He said that out of 100 entrepreneurs who tried to do what I did in their first year, maybe 20 of them would have succeeded. "Congratulations, you are one of 20," he said. I immediately asked him what it would take to get to the next level, and he said that of those 20 entrepreneurs, only about 10 would get there.

    He offered me advice on what it would take to be successful at the next level -- hiring, infrastructure, delegation and cost structure -- things that weren't even a blip on my radar that would suddenly become a necessity to scale to the "one of 10" stage. I spent the next year listening to his advice, and our company became "one of 10."

    The following year, he told me what it would take to get to the "one of five" stage -- innovation, risk assessment, financial discipline and P&L management. Now, almost a decade later, we still meet for dinner each year and discuss surpassing each stage and what it will take to scale and improve even further.

    While many older business leaders are set in their ways, embrace your age and use your inexperience to your advantage. Young entrepreneurship is all about learning, listening, and chasing the next level of accomplishment rather than patting yourself on the back for reaching the first level.

    Related: 4 Reasons Why You Should Start a Business When You're Young

    Do some crazy shit. 

    Chances are, if you're an entrepreneur faced with age barriers, you're going to have to do some crazy stuff to make yourself stand out. Any questions or concerns that prospects might have about your age that can't be overcome during the pitch process can likely be overcome during the decision-making process with effort, desire and a personalized approach.

    I was 28 years old, our company was just a few years in business, and we were a finalist for a client account up against an agency that was much more established and proven than we were. I knew we wouldn't close the deal based on our merits as a business, so we had to show more effort and desire than our competitor.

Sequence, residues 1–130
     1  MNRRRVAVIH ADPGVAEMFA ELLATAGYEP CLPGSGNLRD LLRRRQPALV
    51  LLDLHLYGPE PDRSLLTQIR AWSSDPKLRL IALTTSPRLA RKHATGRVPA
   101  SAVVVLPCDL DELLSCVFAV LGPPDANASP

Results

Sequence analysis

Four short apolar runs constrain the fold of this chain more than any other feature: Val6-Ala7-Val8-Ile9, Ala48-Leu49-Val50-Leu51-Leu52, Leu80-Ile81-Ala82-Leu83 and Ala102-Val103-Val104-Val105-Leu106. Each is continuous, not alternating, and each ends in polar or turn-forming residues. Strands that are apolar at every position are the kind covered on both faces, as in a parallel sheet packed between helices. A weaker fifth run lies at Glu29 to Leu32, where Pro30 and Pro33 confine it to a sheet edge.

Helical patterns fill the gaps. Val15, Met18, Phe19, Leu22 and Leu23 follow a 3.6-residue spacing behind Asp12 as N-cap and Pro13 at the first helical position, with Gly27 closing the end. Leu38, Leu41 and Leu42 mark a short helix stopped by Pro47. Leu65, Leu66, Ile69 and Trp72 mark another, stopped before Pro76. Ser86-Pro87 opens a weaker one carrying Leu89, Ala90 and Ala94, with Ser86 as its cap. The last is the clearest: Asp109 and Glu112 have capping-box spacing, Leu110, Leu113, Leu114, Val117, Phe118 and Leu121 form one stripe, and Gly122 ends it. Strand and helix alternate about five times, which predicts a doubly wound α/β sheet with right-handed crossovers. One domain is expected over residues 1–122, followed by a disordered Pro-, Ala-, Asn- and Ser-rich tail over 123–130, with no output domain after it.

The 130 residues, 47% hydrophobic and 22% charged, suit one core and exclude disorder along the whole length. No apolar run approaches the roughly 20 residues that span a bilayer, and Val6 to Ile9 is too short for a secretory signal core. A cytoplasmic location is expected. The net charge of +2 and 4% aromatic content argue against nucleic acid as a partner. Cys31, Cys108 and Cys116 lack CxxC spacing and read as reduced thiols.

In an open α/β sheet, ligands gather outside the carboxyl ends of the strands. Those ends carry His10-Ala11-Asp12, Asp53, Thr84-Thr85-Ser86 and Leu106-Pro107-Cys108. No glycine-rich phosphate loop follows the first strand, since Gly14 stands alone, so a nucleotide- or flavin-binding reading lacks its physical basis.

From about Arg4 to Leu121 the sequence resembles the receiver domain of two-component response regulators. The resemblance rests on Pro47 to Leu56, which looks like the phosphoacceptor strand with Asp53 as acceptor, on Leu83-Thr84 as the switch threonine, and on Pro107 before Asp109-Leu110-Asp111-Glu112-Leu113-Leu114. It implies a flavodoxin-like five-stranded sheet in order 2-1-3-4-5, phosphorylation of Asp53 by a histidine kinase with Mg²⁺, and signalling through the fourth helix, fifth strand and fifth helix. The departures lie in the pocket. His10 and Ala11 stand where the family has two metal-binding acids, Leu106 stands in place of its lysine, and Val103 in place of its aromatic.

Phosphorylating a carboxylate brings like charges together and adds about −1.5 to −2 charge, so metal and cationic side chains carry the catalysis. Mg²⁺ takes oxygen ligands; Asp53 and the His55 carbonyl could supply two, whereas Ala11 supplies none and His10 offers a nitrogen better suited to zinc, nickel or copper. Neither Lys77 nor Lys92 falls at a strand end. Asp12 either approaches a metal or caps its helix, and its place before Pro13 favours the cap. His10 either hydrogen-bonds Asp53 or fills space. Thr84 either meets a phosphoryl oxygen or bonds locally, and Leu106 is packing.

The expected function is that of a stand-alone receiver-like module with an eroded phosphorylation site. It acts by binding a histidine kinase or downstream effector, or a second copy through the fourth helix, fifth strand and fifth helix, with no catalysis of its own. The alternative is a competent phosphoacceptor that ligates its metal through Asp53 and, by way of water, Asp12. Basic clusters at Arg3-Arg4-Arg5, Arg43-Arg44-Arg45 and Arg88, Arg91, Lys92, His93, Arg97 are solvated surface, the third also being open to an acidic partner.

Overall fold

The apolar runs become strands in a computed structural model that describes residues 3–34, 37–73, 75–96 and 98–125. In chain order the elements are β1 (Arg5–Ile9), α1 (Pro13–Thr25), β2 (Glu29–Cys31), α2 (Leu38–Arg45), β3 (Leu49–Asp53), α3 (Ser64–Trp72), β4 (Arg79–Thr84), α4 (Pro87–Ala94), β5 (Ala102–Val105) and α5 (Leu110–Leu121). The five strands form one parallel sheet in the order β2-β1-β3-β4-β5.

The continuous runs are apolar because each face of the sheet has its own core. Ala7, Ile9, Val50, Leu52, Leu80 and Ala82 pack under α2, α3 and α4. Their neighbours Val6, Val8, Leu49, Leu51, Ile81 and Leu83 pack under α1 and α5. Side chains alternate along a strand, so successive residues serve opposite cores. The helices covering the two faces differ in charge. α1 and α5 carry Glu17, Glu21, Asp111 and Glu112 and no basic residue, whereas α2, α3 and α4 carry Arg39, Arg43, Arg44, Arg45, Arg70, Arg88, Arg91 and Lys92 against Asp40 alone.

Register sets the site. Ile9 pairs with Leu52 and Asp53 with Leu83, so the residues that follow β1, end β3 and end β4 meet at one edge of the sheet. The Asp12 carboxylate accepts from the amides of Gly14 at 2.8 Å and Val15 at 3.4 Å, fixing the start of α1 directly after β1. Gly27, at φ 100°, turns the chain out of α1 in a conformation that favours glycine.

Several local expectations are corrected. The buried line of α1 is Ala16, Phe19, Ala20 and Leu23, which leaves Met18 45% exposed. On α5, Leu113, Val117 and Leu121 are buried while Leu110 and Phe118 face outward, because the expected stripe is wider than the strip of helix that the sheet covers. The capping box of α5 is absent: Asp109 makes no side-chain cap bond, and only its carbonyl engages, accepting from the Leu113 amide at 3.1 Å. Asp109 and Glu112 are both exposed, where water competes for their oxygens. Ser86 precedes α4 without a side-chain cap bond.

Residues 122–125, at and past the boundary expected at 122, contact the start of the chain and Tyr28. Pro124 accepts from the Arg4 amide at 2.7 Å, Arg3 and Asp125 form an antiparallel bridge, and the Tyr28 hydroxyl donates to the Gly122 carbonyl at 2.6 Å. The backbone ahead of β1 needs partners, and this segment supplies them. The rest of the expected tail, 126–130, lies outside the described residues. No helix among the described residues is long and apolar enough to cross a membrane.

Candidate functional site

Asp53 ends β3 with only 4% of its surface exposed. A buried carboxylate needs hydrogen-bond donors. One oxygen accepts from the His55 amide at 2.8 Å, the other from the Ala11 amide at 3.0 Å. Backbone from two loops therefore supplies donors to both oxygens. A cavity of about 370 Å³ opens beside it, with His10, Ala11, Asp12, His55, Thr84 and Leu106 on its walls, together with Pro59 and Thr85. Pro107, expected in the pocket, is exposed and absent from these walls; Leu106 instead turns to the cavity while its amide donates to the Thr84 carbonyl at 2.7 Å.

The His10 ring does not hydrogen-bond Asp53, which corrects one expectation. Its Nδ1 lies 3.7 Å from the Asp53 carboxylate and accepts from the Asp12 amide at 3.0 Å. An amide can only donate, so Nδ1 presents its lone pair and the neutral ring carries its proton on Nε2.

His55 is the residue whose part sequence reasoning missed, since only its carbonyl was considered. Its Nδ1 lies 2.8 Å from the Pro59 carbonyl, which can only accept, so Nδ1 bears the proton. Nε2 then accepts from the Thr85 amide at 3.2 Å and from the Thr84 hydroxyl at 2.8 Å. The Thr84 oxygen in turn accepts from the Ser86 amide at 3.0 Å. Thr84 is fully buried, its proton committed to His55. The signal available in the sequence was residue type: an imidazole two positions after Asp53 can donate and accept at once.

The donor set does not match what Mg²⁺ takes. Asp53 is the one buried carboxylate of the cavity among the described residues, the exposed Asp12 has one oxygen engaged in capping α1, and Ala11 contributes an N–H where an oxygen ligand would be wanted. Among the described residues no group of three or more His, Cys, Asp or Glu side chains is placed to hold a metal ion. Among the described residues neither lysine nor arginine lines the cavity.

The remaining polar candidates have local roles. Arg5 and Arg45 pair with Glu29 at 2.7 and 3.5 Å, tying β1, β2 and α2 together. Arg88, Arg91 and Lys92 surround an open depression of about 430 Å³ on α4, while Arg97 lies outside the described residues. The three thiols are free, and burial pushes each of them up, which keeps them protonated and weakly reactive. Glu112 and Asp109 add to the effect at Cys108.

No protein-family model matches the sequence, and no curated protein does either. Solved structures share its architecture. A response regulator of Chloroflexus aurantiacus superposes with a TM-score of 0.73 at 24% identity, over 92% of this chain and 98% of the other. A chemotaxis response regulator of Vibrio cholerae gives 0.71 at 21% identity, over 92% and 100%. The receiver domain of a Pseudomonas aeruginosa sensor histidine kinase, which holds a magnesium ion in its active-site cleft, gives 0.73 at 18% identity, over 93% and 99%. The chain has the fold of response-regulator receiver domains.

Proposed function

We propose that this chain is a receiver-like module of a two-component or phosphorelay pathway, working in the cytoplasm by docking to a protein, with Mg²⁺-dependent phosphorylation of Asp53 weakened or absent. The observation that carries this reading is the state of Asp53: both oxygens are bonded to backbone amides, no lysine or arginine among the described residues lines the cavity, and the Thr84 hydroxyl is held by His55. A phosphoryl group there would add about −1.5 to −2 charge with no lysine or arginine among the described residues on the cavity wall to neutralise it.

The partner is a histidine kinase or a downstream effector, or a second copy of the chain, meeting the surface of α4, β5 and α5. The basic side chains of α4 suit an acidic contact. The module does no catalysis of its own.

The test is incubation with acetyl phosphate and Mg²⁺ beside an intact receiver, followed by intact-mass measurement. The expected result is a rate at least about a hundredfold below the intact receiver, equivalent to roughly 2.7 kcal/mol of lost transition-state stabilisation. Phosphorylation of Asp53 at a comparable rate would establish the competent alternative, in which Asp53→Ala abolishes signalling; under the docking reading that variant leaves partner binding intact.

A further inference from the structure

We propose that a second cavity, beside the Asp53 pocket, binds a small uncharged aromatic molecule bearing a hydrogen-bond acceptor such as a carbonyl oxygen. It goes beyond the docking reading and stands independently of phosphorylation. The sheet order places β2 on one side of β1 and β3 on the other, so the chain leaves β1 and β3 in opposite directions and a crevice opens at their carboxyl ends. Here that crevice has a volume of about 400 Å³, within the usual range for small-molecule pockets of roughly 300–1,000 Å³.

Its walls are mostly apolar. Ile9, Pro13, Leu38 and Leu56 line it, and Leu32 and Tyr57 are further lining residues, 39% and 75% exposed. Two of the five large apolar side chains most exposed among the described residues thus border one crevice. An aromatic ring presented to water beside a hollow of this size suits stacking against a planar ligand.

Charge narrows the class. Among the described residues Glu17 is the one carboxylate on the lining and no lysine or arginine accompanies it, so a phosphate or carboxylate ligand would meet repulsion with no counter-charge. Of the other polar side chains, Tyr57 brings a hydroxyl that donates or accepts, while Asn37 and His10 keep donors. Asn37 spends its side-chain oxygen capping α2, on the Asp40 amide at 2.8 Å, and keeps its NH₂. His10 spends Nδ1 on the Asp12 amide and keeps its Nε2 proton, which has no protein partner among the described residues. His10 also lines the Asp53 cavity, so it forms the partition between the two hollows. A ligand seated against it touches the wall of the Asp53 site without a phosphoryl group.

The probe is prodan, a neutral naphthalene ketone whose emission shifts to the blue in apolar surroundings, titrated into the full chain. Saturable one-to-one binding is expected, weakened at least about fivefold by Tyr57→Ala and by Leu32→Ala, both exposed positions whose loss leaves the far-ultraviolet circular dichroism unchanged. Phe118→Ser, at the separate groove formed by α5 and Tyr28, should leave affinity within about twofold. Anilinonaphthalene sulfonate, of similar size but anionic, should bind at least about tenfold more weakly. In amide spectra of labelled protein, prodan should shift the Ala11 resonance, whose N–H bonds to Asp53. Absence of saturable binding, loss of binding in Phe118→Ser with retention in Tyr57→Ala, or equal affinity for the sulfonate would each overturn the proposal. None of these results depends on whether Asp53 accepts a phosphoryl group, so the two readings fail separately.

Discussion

The department to which we were pitching business was based in the United States, but the CEO was based in Europe.

    As I thought about what we could do to stand out and win the account, I remembered a study I once read which analyzed customer satisfaction and tip values for a group of waiters at various restaurants. The waiters who ended the meal experience proactively by offering mints and other personalized items for their customers got up to 21 percent better tips than the ones who didn't. If something as simple as adding mints could help with customer acquisition, imagine what doing something as crazy and personalized as a cross-continent trip to visit this company's CEO would do?

    Next thing I knew, I was on the first flight out, and several hours later arrived at the CEO's office with a handwritten note and a gift from New York. He was quite shocked and impressed by my commitment, and put a call into the marketing department back in the United States to tell them about the gesture.

    While the move was bold and time consuming, it helped us win the account and taught me a valuable lesson: To stand out as a young entrepreneur, you're going to have to act boldly to overcome competitive challenges. Sometimes it's just a matter of showing your customers that you want it more than anyone else and are willing to put a personal touch on the customer to make it happen.

    Related: 5 Priorities for Young Entrepreneurs

    Seize the moments. 

    One distinct difference I've noticed between being a 20-something and a 30-something entrepreneur is the amount of game-changing opportunities that present themselves to you. The younger version of myself was lucky to get three or four opportunities each year with business-transforming potential, like global client prospects, new hires, breakthrough revenue generating opportunities and so on. The older, more established version of myself is presented with these same opportunities on a much more frequent basis.